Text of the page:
Key Concepts

The future is uncertain and hard to predict. Nonetheless, people have to make countless decisions every day. To do so, they use simple rules of thumb, so-called heuristics. To explore and understand these heuristics, we investigate the rationality of human reasoning.

Most approaches in psychology, economics, and behavioral biology assume that animals and human beings have unlimited resources such as time and knowledge and that they reason according to the rules of logic. Our approach, in contrast, subscribes to three key concepts that we developed to describe how human beings make decisions in real-life situations:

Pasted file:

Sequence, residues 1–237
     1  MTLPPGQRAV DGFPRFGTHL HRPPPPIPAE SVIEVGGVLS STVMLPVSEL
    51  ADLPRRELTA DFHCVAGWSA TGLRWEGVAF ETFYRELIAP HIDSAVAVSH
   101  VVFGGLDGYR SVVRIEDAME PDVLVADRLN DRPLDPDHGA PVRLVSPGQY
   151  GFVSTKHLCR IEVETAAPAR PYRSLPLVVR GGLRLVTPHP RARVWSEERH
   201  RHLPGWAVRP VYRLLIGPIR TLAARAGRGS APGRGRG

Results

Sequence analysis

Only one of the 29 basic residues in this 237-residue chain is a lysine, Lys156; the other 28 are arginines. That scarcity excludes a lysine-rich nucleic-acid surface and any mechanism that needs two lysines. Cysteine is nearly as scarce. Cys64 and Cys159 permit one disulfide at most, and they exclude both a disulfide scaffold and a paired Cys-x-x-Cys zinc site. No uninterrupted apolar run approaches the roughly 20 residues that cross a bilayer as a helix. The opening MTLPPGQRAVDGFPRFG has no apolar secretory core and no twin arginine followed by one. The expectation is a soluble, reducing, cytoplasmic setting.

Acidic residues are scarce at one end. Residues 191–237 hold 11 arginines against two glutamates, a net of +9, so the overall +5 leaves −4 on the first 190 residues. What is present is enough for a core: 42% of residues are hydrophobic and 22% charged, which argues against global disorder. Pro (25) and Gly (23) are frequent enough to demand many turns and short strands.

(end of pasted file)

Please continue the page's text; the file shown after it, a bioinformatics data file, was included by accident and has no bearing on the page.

Bounded rationality

Ecological rationality

Social rationality

On the basis of these concepts, we design models of cognitive processes and the environments in which these processes occur. By means of experiments, computer simulations, and mathematical analyses, we investigate when and why a strategy leads to good results. The best test of our research is to apply it in the real world, for instance, to train decision-makers in medicine, law, and business.

Key Reference

Gigerenzer, G., & Gaissmaier, W. (2011). Heuristic decision making. Annual Review of Psychology, 62. 451-82.